Thursday, March 27, 2014

Why doctors are reluctant to acknowledge errors



When doctors make a mistake , they find it very hard to acknowledge the error. There are many reasons for this.

Doctors do their best to not to make mistakes , and therefore , just like all of us , when we do make a mistake , the first response is to always try to justify or explain it away by blaming someone else . Common justifications are – It wasn't my fault that a mistake was made – it was made by my nurse or my assistant ! We all need to live with our self-esteems intact , and doctors have egos which need protection, which is why it's hard for them to acknowledge that they are human and can err.

Doctors think of themselves as being in a helping profession and want their patients to get better. When they realize ( often to their horror) that they have committed a mistake which has ended up harming their patient, it becomes hard for them to live with this bitter truth. In order to prevent cognitive dissonance , it’s perfectly natural for them to refuse to accept the truth – and even hide the fact from themselves.

Doctors will often try to cover up errors because they are scared that if they acknowledge that they have goofed, their colleagues will think poorly of them – and their juniors and staff members will no longer respect them.  They are also understandably worried that that if their patients find out that an error was made, they will want to punish them , by taking legal action against them in a court of law .

Also, doctors have been brainwashed by their professional liability insurance companies , hospital management professionals,  risk management companies and lawyers to never confess to having made an error. They are told to clam up and shut up, rather than say sorry or apologise to the patient. This is because lawyers are worried that if doctors are truthful and acknowledge that they have made a mistake, this will be used against them in a court .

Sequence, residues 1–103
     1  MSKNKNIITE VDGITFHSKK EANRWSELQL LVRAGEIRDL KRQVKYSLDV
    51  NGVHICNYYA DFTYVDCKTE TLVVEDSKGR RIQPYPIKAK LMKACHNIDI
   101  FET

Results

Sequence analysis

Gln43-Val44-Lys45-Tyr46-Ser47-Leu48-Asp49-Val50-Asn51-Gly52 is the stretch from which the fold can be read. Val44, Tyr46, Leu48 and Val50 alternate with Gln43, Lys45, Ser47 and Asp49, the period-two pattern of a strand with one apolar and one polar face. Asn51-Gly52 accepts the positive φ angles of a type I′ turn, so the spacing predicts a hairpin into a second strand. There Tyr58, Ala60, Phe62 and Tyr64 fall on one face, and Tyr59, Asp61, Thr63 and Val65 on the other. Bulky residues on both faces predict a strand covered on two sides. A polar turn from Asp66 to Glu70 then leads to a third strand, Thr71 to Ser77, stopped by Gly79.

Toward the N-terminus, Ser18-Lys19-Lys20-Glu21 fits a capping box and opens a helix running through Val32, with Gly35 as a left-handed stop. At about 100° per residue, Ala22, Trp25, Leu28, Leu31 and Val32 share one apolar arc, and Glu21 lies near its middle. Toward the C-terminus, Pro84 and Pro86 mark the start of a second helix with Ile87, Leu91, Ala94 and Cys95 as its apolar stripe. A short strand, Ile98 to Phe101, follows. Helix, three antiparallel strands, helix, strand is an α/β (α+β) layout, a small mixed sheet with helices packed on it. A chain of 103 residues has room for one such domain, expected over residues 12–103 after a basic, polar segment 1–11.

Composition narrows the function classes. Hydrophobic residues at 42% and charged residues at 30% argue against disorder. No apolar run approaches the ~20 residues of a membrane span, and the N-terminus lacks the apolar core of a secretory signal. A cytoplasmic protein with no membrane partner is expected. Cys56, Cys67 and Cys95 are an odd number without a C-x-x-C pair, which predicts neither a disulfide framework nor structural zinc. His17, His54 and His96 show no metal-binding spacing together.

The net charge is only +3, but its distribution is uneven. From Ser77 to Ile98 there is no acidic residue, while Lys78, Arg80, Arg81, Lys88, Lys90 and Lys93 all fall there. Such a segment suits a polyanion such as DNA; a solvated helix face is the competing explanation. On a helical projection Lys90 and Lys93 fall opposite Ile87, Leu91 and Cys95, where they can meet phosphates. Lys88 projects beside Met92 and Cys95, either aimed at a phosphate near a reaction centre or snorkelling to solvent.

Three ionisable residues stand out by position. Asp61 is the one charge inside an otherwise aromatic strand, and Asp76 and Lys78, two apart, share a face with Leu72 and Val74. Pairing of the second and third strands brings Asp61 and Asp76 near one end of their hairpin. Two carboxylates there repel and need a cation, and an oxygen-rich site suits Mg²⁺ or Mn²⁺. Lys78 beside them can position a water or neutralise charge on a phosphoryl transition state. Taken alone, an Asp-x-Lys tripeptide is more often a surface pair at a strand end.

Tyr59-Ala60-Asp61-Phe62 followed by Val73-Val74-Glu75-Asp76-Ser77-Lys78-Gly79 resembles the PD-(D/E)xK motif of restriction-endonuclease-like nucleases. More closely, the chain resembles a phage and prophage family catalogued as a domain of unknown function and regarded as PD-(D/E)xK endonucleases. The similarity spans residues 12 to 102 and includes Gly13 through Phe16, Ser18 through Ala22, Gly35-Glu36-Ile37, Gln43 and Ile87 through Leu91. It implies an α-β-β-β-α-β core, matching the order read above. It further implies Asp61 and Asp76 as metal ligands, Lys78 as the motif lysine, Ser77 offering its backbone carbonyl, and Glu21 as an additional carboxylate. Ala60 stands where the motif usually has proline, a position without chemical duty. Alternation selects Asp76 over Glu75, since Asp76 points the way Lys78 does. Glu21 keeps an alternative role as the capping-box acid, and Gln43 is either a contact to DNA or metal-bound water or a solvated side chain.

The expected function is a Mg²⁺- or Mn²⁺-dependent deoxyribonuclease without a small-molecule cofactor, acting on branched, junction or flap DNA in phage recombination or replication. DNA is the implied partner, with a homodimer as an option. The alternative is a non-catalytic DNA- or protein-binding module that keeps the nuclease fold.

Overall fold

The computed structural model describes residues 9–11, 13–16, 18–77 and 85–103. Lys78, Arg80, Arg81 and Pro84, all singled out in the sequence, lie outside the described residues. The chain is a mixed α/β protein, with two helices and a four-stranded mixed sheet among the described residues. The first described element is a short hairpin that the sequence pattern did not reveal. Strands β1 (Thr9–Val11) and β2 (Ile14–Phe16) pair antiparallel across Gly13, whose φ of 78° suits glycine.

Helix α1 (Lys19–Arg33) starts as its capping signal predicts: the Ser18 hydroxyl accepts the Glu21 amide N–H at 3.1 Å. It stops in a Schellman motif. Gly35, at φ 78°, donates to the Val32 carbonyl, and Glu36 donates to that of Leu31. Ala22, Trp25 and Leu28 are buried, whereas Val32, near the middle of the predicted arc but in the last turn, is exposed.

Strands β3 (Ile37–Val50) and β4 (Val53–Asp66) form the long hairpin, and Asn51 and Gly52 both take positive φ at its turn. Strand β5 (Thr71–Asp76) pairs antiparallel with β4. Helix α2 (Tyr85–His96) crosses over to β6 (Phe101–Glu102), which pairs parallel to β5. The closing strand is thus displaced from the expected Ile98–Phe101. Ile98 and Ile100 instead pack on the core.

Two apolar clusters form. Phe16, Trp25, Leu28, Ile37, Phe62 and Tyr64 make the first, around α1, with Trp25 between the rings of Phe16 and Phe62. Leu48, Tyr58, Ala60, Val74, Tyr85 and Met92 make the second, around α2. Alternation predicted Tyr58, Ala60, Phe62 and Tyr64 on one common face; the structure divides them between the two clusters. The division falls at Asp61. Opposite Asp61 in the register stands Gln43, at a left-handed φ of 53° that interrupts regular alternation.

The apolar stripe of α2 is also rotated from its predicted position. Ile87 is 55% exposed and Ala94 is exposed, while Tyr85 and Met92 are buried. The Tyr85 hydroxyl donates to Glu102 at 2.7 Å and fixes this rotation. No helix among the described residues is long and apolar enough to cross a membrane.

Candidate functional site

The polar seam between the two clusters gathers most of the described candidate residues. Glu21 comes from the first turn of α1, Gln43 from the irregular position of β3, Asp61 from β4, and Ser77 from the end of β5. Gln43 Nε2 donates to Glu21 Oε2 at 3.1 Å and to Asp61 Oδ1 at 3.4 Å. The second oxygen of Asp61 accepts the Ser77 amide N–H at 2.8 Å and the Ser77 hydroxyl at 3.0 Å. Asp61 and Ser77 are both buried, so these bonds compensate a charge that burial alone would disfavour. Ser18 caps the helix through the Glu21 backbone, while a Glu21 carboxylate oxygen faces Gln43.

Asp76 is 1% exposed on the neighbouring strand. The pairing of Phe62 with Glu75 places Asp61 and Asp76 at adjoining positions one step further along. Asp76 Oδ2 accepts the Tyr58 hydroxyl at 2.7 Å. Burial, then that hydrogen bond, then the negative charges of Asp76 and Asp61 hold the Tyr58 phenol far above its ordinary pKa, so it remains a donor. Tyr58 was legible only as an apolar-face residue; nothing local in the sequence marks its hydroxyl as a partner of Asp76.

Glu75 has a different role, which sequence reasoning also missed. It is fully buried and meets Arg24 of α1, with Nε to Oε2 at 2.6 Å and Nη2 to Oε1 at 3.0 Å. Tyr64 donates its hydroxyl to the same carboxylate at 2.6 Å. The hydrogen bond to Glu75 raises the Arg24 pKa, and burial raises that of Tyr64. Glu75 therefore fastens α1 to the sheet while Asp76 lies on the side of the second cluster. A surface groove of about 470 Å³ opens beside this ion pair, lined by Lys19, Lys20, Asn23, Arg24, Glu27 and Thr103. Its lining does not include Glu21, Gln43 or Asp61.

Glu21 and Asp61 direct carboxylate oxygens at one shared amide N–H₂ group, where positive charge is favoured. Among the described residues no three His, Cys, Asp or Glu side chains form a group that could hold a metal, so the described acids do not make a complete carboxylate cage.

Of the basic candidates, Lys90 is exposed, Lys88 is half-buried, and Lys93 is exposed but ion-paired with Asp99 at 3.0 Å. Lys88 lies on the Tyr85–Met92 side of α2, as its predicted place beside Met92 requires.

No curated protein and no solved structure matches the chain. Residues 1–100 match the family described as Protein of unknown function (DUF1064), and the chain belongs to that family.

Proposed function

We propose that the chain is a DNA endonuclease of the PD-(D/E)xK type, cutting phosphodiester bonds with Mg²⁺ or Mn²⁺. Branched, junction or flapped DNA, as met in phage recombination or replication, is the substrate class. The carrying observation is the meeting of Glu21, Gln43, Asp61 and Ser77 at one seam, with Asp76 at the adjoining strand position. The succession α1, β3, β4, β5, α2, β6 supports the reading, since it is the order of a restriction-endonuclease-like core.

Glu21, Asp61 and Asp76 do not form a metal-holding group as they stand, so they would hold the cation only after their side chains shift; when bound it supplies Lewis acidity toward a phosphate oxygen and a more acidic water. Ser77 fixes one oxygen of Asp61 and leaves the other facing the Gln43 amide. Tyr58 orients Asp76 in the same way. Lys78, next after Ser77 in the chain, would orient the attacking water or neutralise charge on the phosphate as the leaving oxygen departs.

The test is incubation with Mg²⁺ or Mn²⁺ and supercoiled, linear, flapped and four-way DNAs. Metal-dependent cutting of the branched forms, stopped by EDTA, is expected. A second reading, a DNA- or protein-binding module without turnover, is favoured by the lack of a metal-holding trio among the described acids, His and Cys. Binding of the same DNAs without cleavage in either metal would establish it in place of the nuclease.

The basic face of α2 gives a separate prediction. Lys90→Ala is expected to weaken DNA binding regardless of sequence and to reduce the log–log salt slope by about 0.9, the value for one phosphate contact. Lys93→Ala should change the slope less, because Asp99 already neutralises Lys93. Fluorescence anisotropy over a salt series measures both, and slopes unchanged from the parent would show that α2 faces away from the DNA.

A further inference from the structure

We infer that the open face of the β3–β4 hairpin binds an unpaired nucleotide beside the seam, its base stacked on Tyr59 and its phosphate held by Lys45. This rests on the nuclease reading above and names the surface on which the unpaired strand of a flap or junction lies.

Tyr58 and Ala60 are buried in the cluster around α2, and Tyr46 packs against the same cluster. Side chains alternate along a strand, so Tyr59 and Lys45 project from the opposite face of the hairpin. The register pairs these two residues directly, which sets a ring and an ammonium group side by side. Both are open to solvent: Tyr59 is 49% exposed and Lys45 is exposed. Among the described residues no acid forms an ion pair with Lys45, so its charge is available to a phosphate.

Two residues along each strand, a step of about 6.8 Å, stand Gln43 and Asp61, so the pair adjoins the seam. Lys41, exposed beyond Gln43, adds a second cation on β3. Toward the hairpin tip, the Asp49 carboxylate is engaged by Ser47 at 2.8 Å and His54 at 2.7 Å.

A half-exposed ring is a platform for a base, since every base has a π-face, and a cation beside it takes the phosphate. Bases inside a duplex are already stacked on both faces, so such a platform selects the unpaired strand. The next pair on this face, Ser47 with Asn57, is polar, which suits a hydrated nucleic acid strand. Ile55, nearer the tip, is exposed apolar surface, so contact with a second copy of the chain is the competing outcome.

Doctors are also scared that  if they tell the patient they made a mistake , the patient will no longer trust them , and this will damage the doctor-patient relationship . This is why the reflex action for most doctors is to cover up mistakes, much like a child does, rather than face up to them , like a mature adult should.

The first response is often one of denial - to hide the mistake , not just from the patient or from the rest of the medical team , but even from themselves . It is hard for all of us to acknowledge the fact that we have made an error - not just for doctors!

All doctors will agree that mistakes are made commonly in medical practice – but all of them will also claim in  the same breath that they have not made any.  This is why you start to wonder – who makes all these mistakes ?

Doctors need to learn to be honest and open - not just with patients , but with themselves also , so that even if a mistake occurs , they can do something constructive about it . Not only will this minimize the harm caused by the error, they can also take action to prevent this mistake from happening again . This is extremely important , not just for the patient and the healthcare system in general , but for the doctor. himself . Trying to cover up mistakes ends up in creating a major burden of guilt and shame , which can get progressively worse as time goes by .

Doctors need to remember that patients can be quite forgiving , and many will accept the fact that honest errors were made . They can forgive their doctor for these – but they will never forgive a doctor for trying to cover these up by lying to them.

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